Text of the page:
We sat at one of the tables for our meeting, talking about the game culture and discussing how GameDuell is succeeding in business by focusing on the same great casual games that got them started with community card and board games. From that start in 2003, they have grown to offer a broad portfolio of casual and social games. Their current plan is to continue developing these games for mobile, Facebook and web, using the cross-platform technology and infrastructure they have created and expanded over the past two years. They will expand their popular games and community web platform, GameDuell.com.
And popular is definitely the right word. GameDuell now has more than 130 million players across all platforms and over 70 games in seven languages. Their most successful game, the French card game Belote, is now available in four versions: a web version, an iOS app, an Android app and a Facebook app, with 260,000 daily active users just for the social and mobile versions. Look out for www.belote.com.
The day before my visit happened to be the day GameDuell released their latest title, Grand Gin Rummy, a multiplayer card game aimed at the US market. This new game recreates the atmosphere of the 1920s when Gin Rummy first was created in New York and soon became popular, starting with Broadway and Hollywood actors and expanding quickly to their fans. GameDuell’s version begins with the player entering a grand hotel, styled after luxurious resorts of that time. After a short tutorial and playing a few rounds of the game in ‘quick play’ mode, players can compete with others from all over the globe in multiplayer matches. Or, of course, they can choose to play in the game’s offline mode where they will be challenged by skilled A.I. opponents.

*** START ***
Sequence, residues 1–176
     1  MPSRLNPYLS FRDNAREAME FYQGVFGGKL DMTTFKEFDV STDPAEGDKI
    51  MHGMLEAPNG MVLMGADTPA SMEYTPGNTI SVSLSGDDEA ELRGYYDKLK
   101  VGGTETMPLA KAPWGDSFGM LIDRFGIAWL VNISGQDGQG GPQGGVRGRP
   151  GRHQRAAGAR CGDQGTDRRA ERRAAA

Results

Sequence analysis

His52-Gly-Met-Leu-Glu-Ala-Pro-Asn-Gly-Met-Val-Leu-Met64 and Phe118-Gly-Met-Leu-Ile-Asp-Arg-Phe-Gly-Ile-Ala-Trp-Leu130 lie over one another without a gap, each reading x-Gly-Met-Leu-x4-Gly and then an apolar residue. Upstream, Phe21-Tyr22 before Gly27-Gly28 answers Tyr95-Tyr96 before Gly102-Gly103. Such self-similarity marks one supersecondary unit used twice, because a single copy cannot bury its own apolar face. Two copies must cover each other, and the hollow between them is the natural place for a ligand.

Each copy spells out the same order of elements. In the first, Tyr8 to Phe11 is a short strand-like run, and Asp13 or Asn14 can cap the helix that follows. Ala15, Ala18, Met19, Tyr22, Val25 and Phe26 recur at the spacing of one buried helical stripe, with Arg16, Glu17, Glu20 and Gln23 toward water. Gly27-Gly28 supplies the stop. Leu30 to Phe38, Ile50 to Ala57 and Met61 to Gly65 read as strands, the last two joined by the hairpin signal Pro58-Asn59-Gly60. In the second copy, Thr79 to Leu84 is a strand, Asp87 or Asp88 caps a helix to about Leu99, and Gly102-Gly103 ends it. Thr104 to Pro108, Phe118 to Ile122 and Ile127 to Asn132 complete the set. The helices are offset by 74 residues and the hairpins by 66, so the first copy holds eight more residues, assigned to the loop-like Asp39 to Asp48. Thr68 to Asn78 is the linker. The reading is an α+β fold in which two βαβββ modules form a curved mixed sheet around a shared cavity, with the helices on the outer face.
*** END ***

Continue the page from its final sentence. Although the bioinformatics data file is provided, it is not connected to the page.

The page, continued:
Grand Gin Rummy was featured on the Apple iOS App Store worldwide as one of the best new games, and it is still featured there. And a Facebook canvas version has now been released, too. It sounded like a great game for anyone to satisfy their desire for competitive play while immersed in the 1920s atmosphere. Check it out on www.grandginrummy.com.
We finished the day by talking about the advantages of creating a startup in Berlin. In Berlin you are surrounded by an environment of fun and innovation, with great arts and tech cultures, so it is not surprising that game companies are choosing the city for their headquarters or for one of their main offices. These include major studios such as Wooga, Kabam, GREE, Aeria Games/Prosieben Games, Bigpoint Berlin and King, and Epic recently opened a Berlin office as well. Many of the large non-games digital companies are also attracted to the city: Rocket Internet, Zalando (the equivalent of Zappos), Groupon, Scout24, Auto1, Spotify, Soundcloud, Delivery Hero and others. Ebay and Paypal are also located in the outskirts of Berlin.
The Berlin government is very supportive of startups, so it is a bit easier to make your beginning there. It’s seems the perfect space for mass market video game creation. And an exciting place to be coming for Casual Connect in 2017.